Mr Tsikata accepted the indebtedness to the bank and promised to settle the outstanding debt. Unfortunately, he failed to keep to his word for several months, with the result that in early 1999, Societe Generale instituted legal proceedings in the High Court in London to recover its money, including interest and the costs of the legal process. Meanwhile, an arrest order was granted to the bank for the arrest and detention of "Discoverer 511" which was by now laid up in the offshore waters of Oman.
On 6th June this year, the London High Court ruled in favour of Societe for the full $40 million sum, together with interest and costs totaling a further $7 million bringing Mr. Tsikata's total indebtedness to the bank to $47 million. In order to get its money, the bank decided to sell the drill ship and to pursue the GNPC for any balance, should the proceeds of the sale not be able to cover the full amount of indebtedness. Faced with the imminent loss of the drill ship, the government dispatched the Deputy Minister of Energy, on June 13, to London and Paris to try and reach a negotiated settlement with the bank. The Deputy Minister was also to ensure an orderly sale of the ship to obtain proper market price, if it became inevitable that it had to be sold.
After almost six weeks of intensive negotiations Societe Generale agreed to accept $19.5 million in full and final settlement of Mr Tsikata's indebtedness to the bank. The bank however, would not release the ship from arrest until the settlement figure was paid in full and immediately. Under the circumstances, the Government directed the Deputy Minister to sell the drill ship at the best price that could be obtained on the international market. Consequently, the ship was sold to Frontier Drilling of Norway for $24 million, with the formal transaction for the sale being concluded on 17th July 2001.
The massive loss to the nation of Mr. Tsikata's gambling with our Nigerian crude oil allocation and the future produce from the Tano fields is grave enough. Unfortunately, it is not only disaster which has been bequeathed to our nation by Mr. Tsikata. There are other disastrous adventures by Mr Tsikata, many undertaken without the consent of GNPC's Board and often in contravention of the laws of the land.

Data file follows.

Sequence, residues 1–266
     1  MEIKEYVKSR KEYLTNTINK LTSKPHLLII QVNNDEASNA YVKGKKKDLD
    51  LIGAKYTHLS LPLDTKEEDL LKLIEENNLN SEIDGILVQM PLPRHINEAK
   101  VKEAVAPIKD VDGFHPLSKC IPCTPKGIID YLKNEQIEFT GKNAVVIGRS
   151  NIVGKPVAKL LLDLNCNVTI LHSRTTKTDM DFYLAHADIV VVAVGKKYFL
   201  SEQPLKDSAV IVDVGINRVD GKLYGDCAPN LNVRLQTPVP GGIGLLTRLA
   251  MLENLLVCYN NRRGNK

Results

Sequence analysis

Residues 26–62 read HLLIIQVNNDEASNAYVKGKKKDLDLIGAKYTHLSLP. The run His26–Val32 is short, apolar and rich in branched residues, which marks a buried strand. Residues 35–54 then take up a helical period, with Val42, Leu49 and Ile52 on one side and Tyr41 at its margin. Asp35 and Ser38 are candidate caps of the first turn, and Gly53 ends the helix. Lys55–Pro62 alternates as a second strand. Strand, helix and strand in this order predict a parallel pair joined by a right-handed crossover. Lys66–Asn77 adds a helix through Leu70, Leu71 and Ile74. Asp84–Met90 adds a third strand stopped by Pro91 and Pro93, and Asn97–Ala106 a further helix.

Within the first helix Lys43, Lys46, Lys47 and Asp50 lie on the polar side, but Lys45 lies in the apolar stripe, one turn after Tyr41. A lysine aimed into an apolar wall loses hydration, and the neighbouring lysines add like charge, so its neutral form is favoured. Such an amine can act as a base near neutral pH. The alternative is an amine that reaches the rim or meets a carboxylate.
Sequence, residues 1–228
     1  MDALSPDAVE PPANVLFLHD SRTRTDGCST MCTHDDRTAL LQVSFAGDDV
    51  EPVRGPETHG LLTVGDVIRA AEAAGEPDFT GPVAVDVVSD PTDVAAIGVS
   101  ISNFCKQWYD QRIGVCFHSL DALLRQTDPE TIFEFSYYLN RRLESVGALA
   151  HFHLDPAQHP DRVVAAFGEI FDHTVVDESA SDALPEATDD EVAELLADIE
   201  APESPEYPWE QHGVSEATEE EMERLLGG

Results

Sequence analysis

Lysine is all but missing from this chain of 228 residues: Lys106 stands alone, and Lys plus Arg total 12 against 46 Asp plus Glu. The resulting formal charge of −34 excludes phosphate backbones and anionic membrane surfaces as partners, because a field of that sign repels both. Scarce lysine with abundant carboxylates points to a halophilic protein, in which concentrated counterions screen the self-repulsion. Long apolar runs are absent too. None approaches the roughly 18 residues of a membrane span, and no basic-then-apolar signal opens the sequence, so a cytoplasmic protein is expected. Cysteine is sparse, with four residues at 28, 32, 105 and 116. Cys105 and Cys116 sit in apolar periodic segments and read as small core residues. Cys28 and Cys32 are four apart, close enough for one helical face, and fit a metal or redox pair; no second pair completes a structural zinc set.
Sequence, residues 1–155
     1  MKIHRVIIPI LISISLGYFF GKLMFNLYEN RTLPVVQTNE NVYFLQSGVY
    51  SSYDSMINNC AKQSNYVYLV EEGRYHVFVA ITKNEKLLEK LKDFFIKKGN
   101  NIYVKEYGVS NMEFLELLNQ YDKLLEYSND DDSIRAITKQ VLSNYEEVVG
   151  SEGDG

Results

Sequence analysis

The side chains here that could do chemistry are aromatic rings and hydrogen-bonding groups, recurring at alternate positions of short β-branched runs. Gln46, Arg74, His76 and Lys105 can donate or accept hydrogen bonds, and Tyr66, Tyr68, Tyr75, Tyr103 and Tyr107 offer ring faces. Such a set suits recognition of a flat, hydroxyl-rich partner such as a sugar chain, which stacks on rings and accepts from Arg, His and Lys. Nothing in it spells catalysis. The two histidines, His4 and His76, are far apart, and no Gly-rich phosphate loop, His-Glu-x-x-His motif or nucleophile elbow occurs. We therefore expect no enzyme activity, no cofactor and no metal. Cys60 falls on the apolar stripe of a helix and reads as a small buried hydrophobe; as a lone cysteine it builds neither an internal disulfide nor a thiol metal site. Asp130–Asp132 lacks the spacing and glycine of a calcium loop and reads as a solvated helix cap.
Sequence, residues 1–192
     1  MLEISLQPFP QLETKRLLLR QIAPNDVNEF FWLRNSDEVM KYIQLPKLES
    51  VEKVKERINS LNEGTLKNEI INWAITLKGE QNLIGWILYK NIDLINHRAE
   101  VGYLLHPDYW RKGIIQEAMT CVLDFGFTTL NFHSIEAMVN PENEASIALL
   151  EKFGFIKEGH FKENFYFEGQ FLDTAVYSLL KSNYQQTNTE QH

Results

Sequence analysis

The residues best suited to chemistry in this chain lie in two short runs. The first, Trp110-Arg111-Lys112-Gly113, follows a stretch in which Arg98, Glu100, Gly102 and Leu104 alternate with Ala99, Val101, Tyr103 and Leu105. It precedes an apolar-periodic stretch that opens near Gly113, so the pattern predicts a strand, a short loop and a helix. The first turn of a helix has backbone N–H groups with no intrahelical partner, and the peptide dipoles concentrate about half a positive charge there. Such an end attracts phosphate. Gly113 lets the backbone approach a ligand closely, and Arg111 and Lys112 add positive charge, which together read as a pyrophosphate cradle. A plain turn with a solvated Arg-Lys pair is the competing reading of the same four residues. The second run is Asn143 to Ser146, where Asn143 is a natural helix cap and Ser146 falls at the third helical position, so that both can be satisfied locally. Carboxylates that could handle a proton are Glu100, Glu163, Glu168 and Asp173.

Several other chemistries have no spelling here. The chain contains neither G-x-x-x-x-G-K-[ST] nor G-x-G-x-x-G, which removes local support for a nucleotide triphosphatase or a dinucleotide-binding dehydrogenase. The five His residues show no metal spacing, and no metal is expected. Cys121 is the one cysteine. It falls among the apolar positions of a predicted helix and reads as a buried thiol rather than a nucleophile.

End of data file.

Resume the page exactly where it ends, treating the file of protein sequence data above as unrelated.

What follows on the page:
Ladies and Gentlemen, the Societe Generale debt was not the only bungling operation. He also incurred losses of $17.21 million to Credit Suisse and $8.9 million to the Union Bank of Switzerland (UBS). Credit Suisse has served notice on GNPC of its intention to go to court and we should expect UBS to follow suit in due course.
Mr. Tsikata spent a staggering amount of $62.49 million to acquire and refurbish six other old and dilapidated rigs and marine assets which are littered all over the world from America through Angola to Gabon. Remarkably, none of these rigs has ever worked or earned one pesewa. And yet, our nation is saddled with the problem of maintaining these rigs at the staggering cost of $138,430 per month. Current valuation of these rigs indicates that selling the rigs will fetch far less than the price they were bought for.
GNPC's financial misadventures were not confined to foreign exploits. Here in Ghana, creditors continue to pursue the repayments of a legacy of massive debts. As at July 2001, a Mrs Boohene had obtained judgement for the sum of ˘307.63 million. A sum of ˘1.064 billion was also entered in judgement for Total Ghana Ltd. on 13th July 2001. The company has now served notice of its intention to go into execution by auctioning assets of GNPC.
In September 1998, Mr Tsikata arranged for a loan of ˘7.2 billion from Consolidated Discount House. This was to be repaid with the proceeds from the sale of GNPC's shares in Ecobank (GH) Ltd. Mr Tsikata however, diverted the Ecobank proceeds for other purposes without paying the loan. As at the 4th of June 2001, the debt to Ecobank (including interest) had soared to ˘13.8 billion. In addition, Ecobank is claiming legal costs of over ˘5 billion. It is worth nothing that the loan was taken by Mr Tsikata without Board approval and in a blatant defiance of GNPC's enabling Act, PNDC Law 64.
Even though the GNPC was set up to explore the petroleum potential of the country, Mr Tsikata decided to go into cocoa farming. To this end, in 1990, he acquired shares in two plantations owned by a company called Valley Farms Ltd. at Nyankoman and Assin Nsuta. A staggering sum of about $1 million was sunk into this venture. Quite incredibly and astonishingly, not a single soul at GNPC, knows where exactly these farms are located.
Ladies and Gentlemen, we have put before you today, some of the major facts which have led to enormous financial crises bequeathed to the NPP government by Mr. Tsatsu Tsikata's stewardship of GNPC for nearly twenty years. We believe that the people of Ghana need to be told of some of the principal reasons for the seemingly harsh but necessary decisions which the government is having to take to pay off the gambling and other related debts arising from the imprudent handling of the activities of GNPC.